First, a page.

They call it the “Celebration of Sight”, otherwise known as one-day post-op appointments for our cataract patients. Adult patients are only admitted for surgery with us if they have bilateral (both eyes) cataracts and we remove one of them. They are outpatient procedures, the patients are gathered on the dock in the morning and discharged by that evening, to return to the clinic to have the bandages removed the next day.
Guinean people aren’t nearly as expressive as the previous people groups I’ve worked with in Africa. The first several men had their bandages removed and guarded their reactions carefully, expressing very little as they squinted and shifted and moved to be examined. Then, a dear little woman of probably fifty or so years was led to sit down and I could tell she was nervous and unsure. We try to explain to them the process but you know that many of them never really understand… I wonder if she had any idea what was about to happen. A glance at her admissions paperwork told me her vision before surgery was “hm” – hand motions only, unable to even tell you how many fingers you were holding up in front of her cloudy eyes. As her bandage was removed, she hesitantly lifted her eyelids and allowed the eye team member clean her face. Once he stepped away, she looked directly at me, and I smiled a reassuring smile at her. Mama, I said, You can see me. She clasped her hands in front of her mouth as though holding in all she wanted to express. The tears started flowing, her hands rose first to the heavens to thank God and then out to me to show her gratitude. I never thought I would see again, she quietly explained. Never. Oh, thank you God. My tears began flowing along with hers as I held her trembling hands in my own and smiled, no more words were necessary.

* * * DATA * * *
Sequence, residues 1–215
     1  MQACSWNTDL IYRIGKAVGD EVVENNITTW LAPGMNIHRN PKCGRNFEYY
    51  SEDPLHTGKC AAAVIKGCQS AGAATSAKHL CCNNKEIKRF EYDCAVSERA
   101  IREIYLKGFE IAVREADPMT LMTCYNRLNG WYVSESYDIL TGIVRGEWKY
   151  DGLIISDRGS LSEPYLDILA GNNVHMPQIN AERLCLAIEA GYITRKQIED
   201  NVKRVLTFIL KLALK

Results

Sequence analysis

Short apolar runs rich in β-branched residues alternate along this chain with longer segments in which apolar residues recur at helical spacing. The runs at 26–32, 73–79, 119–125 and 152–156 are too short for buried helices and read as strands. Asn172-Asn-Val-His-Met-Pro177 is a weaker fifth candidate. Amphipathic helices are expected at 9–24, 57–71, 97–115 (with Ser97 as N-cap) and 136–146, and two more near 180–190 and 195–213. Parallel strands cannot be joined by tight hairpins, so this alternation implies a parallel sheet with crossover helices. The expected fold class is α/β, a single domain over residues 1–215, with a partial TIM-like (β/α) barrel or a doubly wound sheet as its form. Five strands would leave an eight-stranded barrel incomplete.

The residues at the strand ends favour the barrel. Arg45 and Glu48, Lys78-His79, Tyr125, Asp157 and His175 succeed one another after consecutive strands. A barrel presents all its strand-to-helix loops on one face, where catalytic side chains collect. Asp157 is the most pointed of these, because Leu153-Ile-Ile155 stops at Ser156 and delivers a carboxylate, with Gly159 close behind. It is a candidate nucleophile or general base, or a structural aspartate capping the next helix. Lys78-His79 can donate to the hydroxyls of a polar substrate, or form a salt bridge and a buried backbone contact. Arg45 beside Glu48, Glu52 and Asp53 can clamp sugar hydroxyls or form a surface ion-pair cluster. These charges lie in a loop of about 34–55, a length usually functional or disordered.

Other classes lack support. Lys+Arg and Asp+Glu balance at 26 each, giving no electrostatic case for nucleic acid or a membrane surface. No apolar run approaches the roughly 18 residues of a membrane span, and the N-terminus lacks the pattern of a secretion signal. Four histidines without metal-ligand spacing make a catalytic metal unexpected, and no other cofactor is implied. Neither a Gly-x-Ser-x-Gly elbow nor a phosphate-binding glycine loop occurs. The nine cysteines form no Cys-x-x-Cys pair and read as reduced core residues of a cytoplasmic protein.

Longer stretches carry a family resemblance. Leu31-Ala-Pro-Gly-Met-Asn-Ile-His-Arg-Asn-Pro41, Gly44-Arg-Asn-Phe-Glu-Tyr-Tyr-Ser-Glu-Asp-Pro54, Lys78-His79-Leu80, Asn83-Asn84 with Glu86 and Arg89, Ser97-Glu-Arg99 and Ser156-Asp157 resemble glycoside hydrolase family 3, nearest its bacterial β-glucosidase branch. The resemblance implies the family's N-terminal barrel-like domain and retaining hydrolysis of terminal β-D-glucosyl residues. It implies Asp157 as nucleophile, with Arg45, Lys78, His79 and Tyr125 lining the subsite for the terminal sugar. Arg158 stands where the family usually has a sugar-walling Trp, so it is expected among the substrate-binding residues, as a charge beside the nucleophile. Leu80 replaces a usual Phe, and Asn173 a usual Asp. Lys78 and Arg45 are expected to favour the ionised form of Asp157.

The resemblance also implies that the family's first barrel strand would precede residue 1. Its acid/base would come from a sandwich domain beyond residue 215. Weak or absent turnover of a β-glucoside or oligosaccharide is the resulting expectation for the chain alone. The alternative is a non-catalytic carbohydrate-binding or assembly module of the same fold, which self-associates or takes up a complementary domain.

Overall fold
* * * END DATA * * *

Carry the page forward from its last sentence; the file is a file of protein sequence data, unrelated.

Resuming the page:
A few minutes later I found myself sitting next to my new friend, waiting for her turn to check-in with the doctor. She pointed down at my shoes (dirty, well-worn Chacos) and told me how beautiful they were. I laughed and said thank you, knowing that it’s not my shoes she is actually complimenting – she’s realized that she can see my shoes… and was so very grateful.
There were other cool things I got to do with the eye team, and maybe I’ll write about them and throw some pictures up here someday. But it was this beautiful moment I got to experience our mission statement - we really are walking in the footsteps of Jesus, bringing hope and healing to the forgotten poor.
Thank you , my supporters, for making this possible. Love to all, Krissy